A photo of a USPS mailbox "graveyard" sparked a sober response on social media on Friday, amid reports about the agency's cut-backs. The United States Postal Service has been removing letter collection boxes from several states, according to CNN. While those removals have stopped in many cases, the implications are still not sitting right with many Americans.
Activist organizer Thomas Kennedy shared a photo on Twitter on Friday evening, showing piles of USPS letter collection boxes taken off the street and stacked on top of each other in a fenced-in area. Like many analysts, Kennedy called this an act of voter suppression — due in large part to President Donald Trump's vehement opposition to mail-in voting. He and other pundits suggest that the slashes to the USPS' operations are directly related to Trump's hopes of winning the 2020 presidential election.
Photo taken in Wisconsin. This is happening right before our eyes. They are sabotaging USPS to sabotage vote by mail. This is massive voter suppression and part of their plan to steal the election. pic.twitter.com/QXLWGIHTrz— Thomas Kennedy (@tomaskenn) August 15, 2020
"This is happening right before our eyes," Kennedy wrote. "They are sabotaging USPS to sabotage vote by mail. This is massive voter suppression and part of their plan to steal the election."
Kennedy is not alone in coming to this conclusion — everyone from journalists to elected officials to organizers say that the loss of letter collection boxes, the reduced operating hours at post offices and other measures to cut back on postal service in the U.S. is a part of Trump's attempt to win the 2020 election by staunching mail-in voting.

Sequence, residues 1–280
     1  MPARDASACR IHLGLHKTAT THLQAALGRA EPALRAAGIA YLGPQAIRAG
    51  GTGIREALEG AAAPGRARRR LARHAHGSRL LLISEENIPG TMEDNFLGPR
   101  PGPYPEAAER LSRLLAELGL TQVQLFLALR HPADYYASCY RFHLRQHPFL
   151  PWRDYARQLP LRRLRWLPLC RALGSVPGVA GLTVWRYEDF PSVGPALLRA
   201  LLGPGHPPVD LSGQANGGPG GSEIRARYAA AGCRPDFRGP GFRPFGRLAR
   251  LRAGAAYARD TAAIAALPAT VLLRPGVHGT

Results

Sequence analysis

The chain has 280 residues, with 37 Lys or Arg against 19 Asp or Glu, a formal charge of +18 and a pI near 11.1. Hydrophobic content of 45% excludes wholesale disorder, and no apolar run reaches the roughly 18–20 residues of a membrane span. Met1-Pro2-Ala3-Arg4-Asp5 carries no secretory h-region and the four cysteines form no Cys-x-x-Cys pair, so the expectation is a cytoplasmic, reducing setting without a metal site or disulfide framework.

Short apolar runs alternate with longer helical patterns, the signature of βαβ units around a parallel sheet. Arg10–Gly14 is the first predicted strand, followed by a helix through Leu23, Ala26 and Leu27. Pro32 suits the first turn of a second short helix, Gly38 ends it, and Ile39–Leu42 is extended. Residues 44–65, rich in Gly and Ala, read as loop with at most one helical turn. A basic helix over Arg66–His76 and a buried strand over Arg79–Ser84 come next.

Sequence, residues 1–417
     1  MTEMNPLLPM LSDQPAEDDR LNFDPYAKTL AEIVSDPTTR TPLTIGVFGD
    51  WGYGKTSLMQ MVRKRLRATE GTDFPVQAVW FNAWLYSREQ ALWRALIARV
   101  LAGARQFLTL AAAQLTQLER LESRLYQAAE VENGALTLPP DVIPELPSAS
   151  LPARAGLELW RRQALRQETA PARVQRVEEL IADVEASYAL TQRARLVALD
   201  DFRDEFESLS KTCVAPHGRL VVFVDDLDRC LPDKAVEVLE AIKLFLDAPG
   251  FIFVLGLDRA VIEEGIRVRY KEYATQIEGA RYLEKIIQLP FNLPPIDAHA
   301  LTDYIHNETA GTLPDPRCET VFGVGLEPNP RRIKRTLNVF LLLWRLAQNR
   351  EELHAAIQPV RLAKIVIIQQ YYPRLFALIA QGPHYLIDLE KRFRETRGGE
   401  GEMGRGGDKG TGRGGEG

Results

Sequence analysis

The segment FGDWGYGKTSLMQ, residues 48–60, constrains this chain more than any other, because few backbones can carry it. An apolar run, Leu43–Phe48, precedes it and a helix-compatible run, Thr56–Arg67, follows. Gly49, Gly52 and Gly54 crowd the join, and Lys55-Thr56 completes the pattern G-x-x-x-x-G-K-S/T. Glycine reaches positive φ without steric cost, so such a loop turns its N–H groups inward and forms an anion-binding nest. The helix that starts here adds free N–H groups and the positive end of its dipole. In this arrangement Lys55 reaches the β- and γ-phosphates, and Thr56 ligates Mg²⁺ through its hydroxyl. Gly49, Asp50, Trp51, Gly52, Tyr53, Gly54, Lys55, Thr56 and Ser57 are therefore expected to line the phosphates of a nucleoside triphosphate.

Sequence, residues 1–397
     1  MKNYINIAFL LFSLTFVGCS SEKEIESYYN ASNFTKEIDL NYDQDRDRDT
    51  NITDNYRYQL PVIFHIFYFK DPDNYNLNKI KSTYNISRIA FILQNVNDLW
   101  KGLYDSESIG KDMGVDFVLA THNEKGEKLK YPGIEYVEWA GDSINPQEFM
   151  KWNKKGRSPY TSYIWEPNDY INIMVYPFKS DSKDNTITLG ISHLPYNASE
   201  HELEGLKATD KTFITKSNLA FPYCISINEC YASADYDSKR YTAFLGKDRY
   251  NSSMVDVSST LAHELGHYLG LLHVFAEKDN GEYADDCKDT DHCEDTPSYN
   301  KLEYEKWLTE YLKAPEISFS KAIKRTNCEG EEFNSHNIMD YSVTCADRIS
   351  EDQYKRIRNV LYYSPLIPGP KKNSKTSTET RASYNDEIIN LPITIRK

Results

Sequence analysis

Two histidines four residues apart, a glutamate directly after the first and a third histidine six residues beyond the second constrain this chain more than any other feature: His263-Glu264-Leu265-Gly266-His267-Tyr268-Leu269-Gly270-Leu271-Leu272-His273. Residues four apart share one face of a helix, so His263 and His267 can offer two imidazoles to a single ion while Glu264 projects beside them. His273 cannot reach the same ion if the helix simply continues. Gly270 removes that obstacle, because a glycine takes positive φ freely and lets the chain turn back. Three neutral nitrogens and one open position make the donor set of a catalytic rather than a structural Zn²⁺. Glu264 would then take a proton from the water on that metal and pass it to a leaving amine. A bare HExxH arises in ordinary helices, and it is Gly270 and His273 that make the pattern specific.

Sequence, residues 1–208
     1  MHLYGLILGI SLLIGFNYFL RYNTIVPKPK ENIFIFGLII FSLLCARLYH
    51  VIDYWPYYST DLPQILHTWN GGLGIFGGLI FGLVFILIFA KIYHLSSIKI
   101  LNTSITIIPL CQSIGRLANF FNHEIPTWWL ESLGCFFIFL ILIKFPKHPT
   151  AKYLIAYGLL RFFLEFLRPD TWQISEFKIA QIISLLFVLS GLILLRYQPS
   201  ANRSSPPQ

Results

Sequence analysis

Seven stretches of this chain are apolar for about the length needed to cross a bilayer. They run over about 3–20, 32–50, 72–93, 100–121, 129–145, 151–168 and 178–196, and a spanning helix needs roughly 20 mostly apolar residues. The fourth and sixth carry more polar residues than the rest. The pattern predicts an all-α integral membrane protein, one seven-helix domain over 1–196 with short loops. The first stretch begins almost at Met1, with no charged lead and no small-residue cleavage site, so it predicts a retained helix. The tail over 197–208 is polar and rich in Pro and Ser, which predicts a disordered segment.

Trump won the 2016 presidential election via the electoral college, securing 304 votes there against Hillary Clinton's 227. However, in terms of the simple popular vote, counting ballots cast by individual Americans, Trump lost by over two percent. Trump has reason to fear that widespread mail-in voting could close this gap, as it would make it easier for Americans to vote when they normally would not — due to busy schedules or difficulty traveling.
Mail-in voting is a long-standing process in the U.S., used for absentee ballots including those used by military personnel. However, Trump has repeatedly attacked the process as unsafe, as more and more states are turning to it for safety amid the coronavirus pandemic. In June, Trump appointed a new Postmaster General, Louis DeJoy. A businessman and a major donor to Trump's presidential campaign, DeJoy has demonstrated his interest in seeing the president re-elected in November.
Late on Friday, a spokesperson for the Western region of the USPS told CNN that letter collection boxes would stop being removed immediately due to concerns about the 2020 election. However, another spokesperson at the agency's national headquarters could not confirm this.